The release of China’s 2017 economic numbers last week came with a few small surprises. GDP growth picked up for the first time in seven years. Exports looked strong. The reported 6.9 percent overall growth rate beat Beijing’s 6.5 percent target by a significant margin. But even as the central government announced yet another year in a long era of rapid, steady growth, a different, more extraordinary narrative has recently come out from some of China’s provincial officials.
In recent months, with a surprising degree of bluntness, several province-level governments admitted to having significantly manipulated local economic data—a practice outside analysts have long suspected, but Chinese officials have rarely ever openly acknowledged.
This month, party leaders in China’s Inner Mongolia region revealed that much of their official data for 2016 had been vastly inflated. They stated that fiscal revenue for that year was in fact 26 percent less than reported, and that a full 40 percent of reported industrial output was fabricated. Following this, some cities in the region preemptively revised their 2017 figures downward as well. Baotou, one of the region’s biggest industrial hubs near the Mongolian border, said its fiscal numbers for 2017 were only half as high as reported.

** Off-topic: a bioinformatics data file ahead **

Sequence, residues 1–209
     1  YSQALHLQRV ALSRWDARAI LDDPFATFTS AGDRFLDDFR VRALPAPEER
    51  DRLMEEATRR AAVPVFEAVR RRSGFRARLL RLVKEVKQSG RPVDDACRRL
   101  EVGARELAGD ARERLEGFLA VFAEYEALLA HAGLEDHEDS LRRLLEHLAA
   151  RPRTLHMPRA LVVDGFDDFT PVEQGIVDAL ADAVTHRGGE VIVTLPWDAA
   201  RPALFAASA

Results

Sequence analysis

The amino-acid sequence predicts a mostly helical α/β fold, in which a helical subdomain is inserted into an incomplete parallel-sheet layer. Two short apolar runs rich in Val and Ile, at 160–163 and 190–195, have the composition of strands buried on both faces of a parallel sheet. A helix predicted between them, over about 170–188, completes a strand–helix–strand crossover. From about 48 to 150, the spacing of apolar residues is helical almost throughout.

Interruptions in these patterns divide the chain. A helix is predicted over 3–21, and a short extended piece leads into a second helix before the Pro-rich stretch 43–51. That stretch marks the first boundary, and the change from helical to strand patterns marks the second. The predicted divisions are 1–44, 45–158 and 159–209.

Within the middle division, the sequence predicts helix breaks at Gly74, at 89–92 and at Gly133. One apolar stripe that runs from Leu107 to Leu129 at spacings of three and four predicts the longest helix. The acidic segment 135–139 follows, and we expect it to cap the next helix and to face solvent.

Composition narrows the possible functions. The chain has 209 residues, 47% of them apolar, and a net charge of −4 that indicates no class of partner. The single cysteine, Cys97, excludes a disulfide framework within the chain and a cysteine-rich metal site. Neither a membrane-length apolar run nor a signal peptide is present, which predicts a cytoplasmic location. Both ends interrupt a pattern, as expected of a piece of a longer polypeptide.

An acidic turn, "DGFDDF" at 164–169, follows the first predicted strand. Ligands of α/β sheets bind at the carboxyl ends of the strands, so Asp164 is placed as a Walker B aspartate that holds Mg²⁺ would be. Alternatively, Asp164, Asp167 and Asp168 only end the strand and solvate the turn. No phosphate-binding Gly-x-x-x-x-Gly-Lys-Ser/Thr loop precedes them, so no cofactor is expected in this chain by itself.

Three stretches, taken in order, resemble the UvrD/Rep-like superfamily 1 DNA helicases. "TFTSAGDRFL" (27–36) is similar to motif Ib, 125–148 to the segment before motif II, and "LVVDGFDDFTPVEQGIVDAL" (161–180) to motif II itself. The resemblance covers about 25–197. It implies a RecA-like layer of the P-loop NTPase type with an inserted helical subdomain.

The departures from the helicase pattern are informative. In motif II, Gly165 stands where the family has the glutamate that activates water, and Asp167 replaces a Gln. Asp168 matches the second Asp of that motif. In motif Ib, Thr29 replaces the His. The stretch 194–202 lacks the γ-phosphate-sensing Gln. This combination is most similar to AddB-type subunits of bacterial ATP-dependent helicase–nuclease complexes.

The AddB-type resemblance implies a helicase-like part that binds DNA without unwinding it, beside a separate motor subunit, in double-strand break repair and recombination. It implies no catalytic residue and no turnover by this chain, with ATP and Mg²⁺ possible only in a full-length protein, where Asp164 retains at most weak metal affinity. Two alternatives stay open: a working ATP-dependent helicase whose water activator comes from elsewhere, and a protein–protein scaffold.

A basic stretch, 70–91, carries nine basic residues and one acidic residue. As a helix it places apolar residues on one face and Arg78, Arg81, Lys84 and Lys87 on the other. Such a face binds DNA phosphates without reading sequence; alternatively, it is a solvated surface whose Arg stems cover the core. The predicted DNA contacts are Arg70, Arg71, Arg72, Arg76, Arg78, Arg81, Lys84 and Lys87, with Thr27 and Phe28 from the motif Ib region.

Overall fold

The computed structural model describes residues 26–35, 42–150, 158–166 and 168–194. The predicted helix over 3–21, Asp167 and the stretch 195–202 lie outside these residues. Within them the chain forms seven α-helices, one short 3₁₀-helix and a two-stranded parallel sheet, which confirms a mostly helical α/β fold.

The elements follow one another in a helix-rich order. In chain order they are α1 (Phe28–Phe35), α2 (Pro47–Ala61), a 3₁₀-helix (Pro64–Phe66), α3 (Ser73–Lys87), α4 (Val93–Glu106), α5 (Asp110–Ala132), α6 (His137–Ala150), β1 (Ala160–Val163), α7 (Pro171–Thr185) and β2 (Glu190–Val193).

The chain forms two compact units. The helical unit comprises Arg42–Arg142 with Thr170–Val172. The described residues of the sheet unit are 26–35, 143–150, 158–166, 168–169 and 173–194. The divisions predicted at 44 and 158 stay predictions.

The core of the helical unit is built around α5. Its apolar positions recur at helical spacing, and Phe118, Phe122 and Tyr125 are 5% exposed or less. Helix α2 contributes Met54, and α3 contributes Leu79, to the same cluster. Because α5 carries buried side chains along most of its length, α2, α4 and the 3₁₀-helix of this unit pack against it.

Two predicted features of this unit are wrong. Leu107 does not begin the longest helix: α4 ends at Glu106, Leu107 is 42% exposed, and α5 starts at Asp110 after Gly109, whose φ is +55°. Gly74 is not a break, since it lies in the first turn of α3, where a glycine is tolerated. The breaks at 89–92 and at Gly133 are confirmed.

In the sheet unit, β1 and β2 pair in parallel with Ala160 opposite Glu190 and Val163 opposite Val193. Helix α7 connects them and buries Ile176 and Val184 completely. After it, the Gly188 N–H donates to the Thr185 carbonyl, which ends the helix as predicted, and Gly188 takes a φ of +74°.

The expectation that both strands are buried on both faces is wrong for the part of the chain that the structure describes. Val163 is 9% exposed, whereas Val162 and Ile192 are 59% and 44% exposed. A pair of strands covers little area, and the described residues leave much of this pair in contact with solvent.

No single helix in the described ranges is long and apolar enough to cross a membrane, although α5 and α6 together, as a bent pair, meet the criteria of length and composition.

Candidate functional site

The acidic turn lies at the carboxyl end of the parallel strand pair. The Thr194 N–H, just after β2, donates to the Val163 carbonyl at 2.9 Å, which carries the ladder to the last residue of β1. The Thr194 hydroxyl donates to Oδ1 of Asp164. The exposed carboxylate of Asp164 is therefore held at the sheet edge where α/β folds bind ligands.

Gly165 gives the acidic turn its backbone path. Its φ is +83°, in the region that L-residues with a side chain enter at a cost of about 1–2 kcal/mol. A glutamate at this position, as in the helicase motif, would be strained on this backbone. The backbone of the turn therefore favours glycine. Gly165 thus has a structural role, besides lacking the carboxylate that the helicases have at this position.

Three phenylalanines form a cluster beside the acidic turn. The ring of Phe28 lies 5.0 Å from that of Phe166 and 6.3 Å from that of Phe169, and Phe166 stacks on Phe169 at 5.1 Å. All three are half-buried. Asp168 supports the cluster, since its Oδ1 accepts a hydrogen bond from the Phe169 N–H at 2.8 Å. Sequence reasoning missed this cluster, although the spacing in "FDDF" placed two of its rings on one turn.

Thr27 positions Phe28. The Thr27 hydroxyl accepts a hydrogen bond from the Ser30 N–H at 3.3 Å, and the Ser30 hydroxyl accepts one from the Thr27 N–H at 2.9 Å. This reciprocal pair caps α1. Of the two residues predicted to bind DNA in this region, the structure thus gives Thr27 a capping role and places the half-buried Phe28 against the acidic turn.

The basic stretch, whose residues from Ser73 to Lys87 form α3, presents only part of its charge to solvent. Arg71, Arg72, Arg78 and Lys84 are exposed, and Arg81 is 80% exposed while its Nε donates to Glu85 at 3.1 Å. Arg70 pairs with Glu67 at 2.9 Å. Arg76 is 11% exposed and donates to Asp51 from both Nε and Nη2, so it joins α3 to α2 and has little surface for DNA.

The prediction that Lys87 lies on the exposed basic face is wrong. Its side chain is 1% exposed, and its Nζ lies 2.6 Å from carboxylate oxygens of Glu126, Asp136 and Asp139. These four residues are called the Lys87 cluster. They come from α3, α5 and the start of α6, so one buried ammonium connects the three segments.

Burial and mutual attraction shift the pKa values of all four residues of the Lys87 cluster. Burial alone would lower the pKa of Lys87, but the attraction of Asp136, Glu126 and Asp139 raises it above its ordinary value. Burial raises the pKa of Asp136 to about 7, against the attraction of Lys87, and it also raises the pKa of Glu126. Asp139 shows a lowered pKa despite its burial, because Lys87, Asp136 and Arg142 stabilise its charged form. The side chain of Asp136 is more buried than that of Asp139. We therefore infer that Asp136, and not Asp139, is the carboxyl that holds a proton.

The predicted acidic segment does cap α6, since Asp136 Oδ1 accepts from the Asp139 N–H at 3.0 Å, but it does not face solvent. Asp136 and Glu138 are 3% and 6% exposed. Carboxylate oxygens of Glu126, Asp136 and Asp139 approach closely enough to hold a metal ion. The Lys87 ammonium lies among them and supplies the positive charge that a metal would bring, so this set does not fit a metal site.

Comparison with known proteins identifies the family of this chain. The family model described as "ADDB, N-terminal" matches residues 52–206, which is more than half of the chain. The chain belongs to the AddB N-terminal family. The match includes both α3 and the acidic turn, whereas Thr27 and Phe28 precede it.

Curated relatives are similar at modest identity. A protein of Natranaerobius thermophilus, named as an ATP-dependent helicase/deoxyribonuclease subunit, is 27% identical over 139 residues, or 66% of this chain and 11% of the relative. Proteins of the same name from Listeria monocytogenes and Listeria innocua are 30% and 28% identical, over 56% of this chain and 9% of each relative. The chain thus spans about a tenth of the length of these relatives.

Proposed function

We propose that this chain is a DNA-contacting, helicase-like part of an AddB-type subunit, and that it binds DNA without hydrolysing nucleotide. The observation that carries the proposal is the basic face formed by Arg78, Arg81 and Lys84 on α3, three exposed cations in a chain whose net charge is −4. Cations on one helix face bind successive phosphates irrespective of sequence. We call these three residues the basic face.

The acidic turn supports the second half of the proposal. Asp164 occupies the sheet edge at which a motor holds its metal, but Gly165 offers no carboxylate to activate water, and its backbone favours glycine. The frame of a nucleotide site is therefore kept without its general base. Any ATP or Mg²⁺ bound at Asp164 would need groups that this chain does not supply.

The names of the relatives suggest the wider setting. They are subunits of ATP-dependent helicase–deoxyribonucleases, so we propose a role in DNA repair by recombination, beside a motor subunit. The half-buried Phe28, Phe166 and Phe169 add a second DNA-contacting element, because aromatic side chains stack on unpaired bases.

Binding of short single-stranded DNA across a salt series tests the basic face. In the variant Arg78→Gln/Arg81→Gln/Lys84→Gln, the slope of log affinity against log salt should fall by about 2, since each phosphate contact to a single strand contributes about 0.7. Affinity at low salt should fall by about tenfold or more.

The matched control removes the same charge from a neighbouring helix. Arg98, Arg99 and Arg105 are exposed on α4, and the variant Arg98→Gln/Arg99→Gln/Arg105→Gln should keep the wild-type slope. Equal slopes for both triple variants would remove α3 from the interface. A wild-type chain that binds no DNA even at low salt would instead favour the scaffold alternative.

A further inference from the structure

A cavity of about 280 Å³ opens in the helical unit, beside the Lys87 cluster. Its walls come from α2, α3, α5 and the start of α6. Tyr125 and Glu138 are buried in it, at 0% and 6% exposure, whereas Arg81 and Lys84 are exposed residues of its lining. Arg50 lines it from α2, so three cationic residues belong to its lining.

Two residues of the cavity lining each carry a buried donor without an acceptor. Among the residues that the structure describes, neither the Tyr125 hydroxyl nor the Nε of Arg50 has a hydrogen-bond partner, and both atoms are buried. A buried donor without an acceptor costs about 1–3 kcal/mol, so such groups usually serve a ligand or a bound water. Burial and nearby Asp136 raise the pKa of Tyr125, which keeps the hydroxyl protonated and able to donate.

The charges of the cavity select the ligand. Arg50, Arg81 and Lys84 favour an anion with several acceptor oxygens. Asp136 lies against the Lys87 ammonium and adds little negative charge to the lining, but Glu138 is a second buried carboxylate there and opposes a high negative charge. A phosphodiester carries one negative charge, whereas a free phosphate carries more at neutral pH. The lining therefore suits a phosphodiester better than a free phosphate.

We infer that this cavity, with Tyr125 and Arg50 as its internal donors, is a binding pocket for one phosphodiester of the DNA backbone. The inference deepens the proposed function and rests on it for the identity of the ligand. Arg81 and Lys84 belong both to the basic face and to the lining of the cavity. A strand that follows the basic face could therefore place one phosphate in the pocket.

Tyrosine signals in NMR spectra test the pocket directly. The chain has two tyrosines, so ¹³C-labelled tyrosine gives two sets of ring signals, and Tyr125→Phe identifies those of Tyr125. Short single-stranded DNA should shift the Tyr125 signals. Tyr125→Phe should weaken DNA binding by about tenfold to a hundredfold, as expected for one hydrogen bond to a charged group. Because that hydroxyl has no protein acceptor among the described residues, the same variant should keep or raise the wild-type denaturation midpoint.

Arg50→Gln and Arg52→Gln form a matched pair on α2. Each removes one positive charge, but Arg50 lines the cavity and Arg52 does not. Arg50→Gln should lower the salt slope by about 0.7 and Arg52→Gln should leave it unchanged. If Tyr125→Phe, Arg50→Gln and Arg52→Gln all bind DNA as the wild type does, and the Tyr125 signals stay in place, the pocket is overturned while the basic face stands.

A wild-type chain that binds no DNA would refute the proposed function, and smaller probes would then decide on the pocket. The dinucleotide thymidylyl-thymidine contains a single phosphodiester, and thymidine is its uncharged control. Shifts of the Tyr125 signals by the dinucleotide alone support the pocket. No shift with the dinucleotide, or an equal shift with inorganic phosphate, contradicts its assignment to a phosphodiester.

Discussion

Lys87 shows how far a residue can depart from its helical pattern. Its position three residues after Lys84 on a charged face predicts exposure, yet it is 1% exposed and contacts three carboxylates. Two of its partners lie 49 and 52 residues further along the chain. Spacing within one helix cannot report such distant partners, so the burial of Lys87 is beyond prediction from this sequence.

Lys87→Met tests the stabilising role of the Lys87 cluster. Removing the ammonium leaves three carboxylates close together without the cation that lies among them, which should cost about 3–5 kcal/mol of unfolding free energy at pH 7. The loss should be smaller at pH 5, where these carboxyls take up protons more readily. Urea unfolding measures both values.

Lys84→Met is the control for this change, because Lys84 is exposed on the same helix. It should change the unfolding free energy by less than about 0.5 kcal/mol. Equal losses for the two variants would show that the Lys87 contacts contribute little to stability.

Also this month, media in Tianjin appeared to accidentally admit that some of the city’s GDP had been pegged around one third higher than the true value in 2016, though the reports were later reportedly scrubbed. And this also follows an acknowledgement last year by officials in China’s northeastern Liaoning province that GDP numbers were methodically pumped up there between 2011 and 2014 as well.
The admissions corroborated a report last December by China’s National Audit Office, which found at least ten cases of city or county governments faking revenue data. In several cases, local governments were accused of over-reporting earnings by hundreds of millions of dollars.
Official admissions of inflated data haven’t been limited to more rural or industrial provinces, either. According to research cited in Bloomberg, some of China’s biggest and most prosperous cities may also have some of the least reliable GDP data.